A team of Waterford-based researchers is leading a new EU-funded project that aims to treat and suppress seizures using a brain implant.

The Prime project team is based at Waterford Institute of Technology’s Telecommunications Software & Systems Group (TSSG) and has been awarded €4.4m under the EU’s Future and Emerging Technologies (FET) programme to develop the implant.

The researchers aim to develop an innovative diagnostic-therapeutic treatment for people with epilepsy and other neurological conditions, implanting engineered biological cells in the brain that will act as biocomputers to treat and suppress impending seizures.

The team is made up of Dr Sasitharan Balasubramaniam, Dr Deirdre Kilbane, Frances Cleary and Dr Hamdan Awan, along with consortium members. The funding will allow them to build on their expertise in molecular communications and computing by applying it to future generation bioimplants.

If the treatment is able to suppress chronic and recurring seizures, it could allow people with epilepsy to perform jobs that some are currently restricted from doing, such as operating machinery, driving a car, or working near open water or at heights.

While previous implanted devices in drug-resistant epilepsy patients offered ways to interrupt seizures only after they began, this treatment holds the potential to intervene in advance, to the point where patients wouldn’t even know they were in danger of having a seizure.

‘A transformative new technology’

The four-year project will build on the significant breakthrough made by FutureNeuro collaborators Prof Jochen Prehn and Prof David Henshall, who discovered that increases in transfer RNA (tRNA) fragments precede seizure onset in some patients.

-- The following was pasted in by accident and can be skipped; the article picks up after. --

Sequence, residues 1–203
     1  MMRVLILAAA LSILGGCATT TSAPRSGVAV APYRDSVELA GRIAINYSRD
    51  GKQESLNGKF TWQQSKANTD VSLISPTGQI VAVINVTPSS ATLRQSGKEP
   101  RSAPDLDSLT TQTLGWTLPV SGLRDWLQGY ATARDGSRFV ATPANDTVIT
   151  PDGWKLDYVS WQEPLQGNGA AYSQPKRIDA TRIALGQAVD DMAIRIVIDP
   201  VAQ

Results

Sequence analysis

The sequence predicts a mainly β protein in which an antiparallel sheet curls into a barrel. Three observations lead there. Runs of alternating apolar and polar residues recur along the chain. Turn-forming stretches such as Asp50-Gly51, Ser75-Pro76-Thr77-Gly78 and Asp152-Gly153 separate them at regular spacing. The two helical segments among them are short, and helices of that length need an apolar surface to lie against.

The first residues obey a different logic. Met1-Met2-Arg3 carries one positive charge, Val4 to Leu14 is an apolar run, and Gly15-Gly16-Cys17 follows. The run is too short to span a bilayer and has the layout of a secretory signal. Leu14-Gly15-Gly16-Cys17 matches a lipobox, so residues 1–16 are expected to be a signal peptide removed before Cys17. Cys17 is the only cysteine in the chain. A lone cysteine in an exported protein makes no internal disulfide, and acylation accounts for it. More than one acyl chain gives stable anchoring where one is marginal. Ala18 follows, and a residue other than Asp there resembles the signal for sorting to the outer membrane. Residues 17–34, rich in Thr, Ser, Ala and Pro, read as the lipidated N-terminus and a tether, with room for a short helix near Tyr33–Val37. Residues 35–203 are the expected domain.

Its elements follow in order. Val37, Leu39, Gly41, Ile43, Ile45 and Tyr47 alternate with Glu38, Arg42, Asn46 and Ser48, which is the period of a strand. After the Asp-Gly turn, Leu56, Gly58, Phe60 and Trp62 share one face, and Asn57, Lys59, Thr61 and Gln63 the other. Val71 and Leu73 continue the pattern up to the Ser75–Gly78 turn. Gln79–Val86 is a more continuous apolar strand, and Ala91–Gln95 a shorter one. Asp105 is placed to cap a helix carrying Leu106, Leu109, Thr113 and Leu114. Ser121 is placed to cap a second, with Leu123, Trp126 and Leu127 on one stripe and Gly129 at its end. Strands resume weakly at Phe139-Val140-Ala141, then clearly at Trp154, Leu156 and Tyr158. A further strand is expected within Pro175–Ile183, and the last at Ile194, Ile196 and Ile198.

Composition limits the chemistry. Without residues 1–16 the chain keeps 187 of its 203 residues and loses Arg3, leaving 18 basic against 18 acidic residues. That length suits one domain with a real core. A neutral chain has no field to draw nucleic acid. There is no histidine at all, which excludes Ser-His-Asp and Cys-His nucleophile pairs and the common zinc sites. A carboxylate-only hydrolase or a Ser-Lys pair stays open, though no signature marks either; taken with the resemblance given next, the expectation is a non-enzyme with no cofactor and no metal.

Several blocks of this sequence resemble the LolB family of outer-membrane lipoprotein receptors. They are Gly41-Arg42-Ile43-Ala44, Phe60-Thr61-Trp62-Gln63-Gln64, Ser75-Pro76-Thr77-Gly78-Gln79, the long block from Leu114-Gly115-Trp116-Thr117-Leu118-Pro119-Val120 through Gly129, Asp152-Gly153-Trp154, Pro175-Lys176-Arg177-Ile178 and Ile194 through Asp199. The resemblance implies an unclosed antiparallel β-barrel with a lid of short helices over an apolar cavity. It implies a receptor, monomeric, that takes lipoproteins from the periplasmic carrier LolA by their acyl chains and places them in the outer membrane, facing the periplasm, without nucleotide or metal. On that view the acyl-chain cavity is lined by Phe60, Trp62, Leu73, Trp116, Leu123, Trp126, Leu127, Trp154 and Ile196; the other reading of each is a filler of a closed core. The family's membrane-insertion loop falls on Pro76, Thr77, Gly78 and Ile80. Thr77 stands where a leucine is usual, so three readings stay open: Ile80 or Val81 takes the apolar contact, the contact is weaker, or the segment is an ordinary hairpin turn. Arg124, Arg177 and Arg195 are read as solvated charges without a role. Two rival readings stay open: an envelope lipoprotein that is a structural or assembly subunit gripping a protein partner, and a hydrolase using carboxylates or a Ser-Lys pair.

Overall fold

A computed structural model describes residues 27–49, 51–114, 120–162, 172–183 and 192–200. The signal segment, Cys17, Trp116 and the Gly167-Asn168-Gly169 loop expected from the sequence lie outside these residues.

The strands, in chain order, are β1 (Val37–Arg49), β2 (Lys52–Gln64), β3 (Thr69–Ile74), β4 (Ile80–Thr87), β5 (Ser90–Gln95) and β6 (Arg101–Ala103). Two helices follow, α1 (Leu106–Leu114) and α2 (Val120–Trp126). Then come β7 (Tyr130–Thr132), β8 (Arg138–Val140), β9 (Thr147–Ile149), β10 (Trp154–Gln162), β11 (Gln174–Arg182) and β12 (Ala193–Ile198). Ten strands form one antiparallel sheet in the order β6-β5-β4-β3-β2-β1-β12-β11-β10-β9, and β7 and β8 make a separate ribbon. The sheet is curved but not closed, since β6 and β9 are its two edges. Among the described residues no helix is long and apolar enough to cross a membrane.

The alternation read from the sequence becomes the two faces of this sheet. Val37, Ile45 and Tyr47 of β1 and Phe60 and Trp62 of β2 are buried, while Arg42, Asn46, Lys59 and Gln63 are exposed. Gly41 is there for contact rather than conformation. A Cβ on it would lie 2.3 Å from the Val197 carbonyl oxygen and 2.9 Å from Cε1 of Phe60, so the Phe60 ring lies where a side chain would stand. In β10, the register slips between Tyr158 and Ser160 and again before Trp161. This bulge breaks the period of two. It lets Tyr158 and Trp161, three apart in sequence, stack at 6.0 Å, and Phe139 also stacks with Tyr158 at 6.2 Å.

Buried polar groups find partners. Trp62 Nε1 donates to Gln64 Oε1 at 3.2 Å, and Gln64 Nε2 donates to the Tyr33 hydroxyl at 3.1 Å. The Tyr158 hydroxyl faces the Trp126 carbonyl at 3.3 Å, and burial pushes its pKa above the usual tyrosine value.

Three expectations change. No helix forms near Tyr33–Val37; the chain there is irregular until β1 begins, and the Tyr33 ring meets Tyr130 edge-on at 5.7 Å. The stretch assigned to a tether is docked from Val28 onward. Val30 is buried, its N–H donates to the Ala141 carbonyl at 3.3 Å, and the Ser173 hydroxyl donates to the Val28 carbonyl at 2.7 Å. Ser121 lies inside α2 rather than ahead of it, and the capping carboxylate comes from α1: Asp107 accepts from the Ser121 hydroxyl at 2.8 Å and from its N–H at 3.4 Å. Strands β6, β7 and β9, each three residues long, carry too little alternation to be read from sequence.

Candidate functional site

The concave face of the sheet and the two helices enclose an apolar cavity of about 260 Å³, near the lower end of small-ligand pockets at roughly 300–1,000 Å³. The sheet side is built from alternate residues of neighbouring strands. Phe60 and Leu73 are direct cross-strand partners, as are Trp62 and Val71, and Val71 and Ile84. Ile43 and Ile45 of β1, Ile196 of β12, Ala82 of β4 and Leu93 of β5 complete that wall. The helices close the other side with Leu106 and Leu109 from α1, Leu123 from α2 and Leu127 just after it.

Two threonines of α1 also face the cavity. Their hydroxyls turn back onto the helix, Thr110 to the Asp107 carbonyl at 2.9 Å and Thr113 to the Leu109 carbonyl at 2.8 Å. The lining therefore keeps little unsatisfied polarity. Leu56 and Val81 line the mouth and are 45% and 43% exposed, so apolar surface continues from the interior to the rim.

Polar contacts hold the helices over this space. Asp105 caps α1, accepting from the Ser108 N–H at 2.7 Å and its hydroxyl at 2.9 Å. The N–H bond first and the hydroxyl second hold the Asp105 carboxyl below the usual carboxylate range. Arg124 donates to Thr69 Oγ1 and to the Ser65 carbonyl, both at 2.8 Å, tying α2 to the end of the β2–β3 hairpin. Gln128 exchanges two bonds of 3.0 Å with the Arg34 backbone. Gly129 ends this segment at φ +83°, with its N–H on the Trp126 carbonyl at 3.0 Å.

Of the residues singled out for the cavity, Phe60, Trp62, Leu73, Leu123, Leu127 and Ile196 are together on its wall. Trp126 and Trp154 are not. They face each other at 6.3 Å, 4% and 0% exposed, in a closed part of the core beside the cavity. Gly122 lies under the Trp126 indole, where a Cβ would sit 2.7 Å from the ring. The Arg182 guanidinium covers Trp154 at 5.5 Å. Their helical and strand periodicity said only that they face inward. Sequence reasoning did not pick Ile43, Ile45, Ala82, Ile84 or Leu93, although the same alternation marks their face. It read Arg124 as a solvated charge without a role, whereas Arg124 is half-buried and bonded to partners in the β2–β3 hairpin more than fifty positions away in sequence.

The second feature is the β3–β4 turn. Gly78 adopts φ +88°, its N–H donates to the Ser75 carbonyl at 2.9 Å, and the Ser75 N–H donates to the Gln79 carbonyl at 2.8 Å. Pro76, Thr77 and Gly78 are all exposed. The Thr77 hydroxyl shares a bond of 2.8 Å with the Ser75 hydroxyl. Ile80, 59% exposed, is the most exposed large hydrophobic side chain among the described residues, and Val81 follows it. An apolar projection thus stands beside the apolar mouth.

By understanding the role of tRNA in predicting seizure onset, the Waterford-based team will aim to develop a biological brain implant that will detect spikes in tRNA and then respond with a seizure-suppressing treatment.

Henshall, who is director of FutureNeuro, said the Prime project represents “the very best” of FutureNeuro research, developing “what could be a transformative new technology” for better seizure control.

The implanted device won’t have any electronic-based components that require an energy supply, as was often the case with earlier brain implants. The implant could also be personalised using AI to accommodate the different types and levels of seizures experienced by individual epilepsy patients.

Balasubramaniam, director of research in TSSG and Prime project coordinator, said: “The initial focus of the research team will be the detection and treatment of epilepsy, though the project does offer the potential to also treat other neurological disorders, including Parkinson’s disease and also certain types of cancer, going forward.”

Jenny Darmody

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